Fig. 31— TheKane Electro-Vapor Engine
The Kane Electro-Vapor engine, like the one just described, is also adapted to the use of either gas or gasoline. It is built by Messrs. Thomas Kane & Co.
, Chicago, Ill., and is shown in Fig. 31 as arranged for the use of gasoline. The engine works on the Otto cycle, there being one working stroke in every four. The gas or gasoline vapor goes to the engine through the regulating valve G
, and mixes with a suitable supply of air, which is drawn in from the hollow bed of the engine through the cock B
. The admission valve through which the mixture finally enters the exploding chamber is a poppet valve, operated by a lever on the other side of the engine, not visible in the illustration, and controlled by a centrifugal governor through a hit-and-miss device. Having passed through this admission valve during the first stroke of the cycle, the mixture is compressed during the second stroke, and exploded at the beginning of the third stroke, exhaust of the burnt gases, as usual in this class of engines, taking place during the fourth stroke. The exhaust valve chamber is marked E
, the valve itself also being a poppet valve ordinarily kept closed by the spring shown. It is opened at the proper exhaust moment, however, by being pushed upward by the end of a pivoted lever, which receives motion from the crank shaft E
through the intervention of a small and a large gear wheel, in much the same manner as that followed in connection with the Caldwell-Charter engine described in the beginning of this paper. The explosive charge is ignited by an electric spark, and one of the electric contact points, connected with one pole of a battery, is carried by the exhaust valve operating lever just mentioned. It is shown at C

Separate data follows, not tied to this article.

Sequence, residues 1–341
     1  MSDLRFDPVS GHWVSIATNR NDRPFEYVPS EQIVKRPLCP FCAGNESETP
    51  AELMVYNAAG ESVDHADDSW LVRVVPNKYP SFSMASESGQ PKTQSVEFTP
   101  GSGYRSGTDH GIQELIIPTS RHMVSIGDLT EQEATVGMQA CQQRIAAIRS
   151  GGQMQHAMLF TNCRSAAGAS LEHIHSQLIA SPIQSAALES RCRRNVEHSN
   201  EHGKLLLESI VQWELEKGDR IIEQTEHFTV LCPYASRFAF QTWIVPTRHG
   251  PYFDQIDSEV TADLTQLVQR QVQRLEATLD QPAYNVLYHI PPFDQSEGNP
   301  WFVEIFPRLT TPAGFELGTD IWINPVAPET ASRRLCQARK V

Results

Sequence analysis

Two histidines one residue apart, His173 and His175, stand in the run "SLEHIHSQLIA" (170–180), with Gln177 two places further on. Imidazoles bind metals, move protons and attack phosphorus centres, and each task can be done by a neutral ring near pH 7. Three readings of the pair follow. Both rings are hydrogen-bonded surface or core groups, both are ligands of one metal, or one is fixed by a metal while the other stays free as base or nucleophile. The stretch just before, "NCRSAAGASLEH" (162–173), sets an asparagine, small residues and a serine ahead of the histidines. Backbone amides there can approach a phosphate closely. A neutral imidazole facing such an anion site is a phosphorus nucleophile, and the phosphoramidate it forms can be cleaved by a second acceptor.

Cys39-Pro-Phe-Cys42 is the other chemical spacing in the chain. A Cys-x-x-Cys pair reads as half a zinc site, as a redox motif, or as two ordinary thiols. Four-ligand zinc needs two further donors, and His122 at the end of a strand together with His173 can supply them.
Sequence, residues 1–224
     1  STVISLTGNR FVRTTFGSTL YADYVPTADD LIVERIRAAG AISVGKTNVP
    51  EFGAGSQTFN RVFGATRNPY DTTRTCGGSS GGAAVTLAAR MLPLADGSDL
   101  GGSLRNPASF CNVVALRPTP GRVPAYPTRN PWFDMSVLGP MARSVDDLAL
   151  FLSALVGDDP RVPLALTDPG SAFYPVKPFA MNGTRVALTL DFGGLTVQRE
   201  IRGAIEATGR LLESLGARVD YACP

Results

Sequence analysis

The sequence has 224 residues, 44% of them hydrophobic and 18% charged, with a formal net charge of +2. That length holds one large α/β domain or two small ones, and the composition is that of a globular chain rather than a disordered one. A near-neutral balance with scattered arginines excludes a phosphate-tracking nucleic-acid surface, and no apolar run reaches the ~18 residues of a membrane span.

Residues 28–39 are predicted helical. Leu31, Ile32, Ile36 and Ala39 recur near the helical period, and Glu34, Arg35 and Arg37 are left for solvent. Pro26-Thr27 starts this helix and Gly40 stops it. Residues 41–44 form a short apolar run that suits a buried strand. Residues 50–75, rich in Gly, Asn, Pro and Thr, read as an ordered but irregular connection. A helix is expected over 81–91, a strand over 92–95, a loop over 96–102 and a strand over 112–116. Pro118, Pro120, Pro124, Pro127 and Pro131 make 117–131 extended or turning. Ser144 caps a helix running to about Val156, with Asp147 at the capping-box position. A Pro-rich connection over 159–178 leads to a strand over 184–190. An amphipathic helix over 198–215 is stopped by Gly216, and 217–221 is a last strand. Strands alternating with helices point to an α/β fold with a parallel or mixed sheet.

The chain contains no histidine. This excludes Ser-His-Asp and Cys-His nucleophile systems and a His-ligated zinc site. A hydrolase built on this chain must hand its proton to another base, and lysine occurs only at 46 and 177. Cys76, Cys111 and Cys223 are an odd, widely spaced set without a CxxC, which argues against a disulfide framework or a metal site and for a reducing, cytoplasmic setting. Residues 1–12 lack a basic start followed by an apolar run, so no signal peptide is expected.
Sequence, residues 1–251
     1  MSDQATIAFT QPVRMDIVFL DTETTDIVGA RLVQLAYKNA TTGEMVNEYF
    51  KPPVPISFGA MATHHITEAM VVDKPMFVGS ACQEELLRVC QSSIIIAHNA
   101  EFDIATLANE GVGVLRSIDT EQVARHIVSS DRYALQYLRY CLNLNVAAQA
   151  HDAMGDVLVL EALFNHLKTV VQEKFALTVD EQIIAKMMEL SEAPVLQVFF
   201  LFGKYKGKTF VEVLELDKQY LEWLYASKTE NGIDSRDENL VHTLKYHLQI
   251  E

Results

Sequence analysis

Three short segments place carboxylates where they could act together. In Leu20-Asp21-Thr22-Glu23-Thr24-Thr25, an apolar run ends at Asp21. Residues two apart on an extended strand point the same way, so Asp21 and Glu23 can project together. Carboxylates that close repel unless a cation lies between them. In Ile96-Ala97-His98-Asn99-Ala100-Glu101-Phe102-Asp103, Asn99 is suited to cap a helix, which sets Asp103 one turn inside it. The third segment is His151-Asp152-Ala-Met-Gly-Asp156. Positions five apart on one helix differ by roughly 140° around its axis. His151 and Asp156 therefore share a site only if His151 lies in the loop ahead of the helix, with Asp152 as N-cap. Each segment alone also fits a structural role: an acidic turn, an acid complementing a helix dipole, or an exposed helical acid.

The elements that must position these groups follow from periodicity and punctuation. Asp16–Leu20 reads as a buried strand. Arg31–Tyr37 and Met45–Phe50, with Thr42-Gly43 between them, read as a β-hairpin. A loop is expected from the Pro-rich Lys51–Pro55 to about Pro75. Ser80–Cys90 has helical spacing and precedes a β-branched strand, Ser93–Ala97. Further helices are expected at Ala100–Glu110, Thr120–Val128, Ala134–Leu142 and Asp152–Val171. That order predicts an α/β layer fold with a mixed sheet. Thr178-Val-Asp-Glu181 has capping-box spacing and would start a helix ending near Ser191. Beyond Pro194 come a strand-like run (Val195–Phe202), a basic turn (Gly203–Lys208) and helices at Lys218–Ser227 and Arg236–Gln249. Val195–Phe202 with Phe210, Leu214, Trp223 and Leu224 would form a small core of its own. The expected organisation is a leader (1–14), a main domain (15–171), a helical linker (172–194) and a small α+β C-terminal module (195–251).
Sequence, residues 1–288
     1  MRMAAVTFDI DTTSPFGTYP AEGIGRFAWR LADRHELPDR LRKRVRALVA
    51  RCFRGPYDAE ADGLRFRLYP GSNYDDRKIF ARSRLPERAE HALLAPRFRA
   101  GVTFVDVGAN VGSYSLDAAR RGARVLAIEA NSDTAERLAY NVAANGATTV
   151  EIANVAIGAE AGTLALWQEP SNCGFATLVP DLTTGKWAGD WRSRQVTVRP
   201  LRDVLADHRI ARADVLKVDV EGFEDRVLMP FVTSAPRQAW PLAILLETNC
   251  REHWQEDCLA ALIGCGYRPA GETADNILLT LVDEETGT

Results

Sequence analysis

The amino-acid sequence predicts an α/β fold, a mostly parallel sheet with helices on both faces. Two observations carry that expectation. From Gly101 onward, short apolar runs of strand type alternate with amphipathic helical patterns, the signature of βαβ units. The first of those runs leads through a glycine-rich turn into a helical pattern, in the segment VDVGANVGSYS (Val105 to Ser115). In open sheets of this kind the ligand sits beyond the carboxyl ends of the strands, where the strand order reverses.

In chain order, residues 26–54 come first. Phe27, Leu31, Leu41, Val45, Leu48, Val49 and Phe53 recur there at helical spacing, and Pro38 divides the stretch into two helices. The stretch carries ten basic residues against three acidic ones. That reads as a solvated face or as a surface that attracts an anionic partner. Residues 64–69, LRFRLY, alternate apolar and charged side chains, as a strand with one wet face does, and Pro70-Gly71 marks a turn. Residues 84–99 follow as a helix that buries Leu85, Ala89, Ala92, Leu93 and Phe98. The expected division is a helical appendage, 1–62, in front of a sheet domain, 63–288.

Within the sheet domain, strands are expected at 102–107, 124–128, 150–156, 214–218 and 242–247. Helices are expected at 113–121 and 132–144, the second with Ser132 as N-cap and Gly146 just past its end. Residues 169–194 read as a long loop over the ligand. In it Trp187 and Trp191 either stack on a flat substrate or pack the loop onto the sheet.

and is pressed against another contact piece on the engine bed at the end of every down stroke of the right hand end of this valve lever. The other pole of the battery is connected by a wire with an insulated electrode in the exploding chamber at the end of the engine cylinder. The second electrode is in the shape of a metallic point carried by the piston. At the proper moment for exploding a charge, the contact pieces at C
are pressing against each other, and the electrode on the piston, which then is at the right hand end of its stroke, is just breaking contact with the insulated electrode in the exploding chamber. The result is that a spark is produced and the charge is exploded. The contact pieces at C
are for the purpose of completing the electric circuit only at the end of every fourth stroke. At other times they are separated as will be understood from the nature of the connection to the exhaust valve lever. The cylinder is water-jacketed, and the water on its way from the jacket passes around the exhaust valve chamber, cooling it also, and is led off through the pipe O
Fig. 32— TheKane Electro-Vapor Engine, Carburetor Sectional View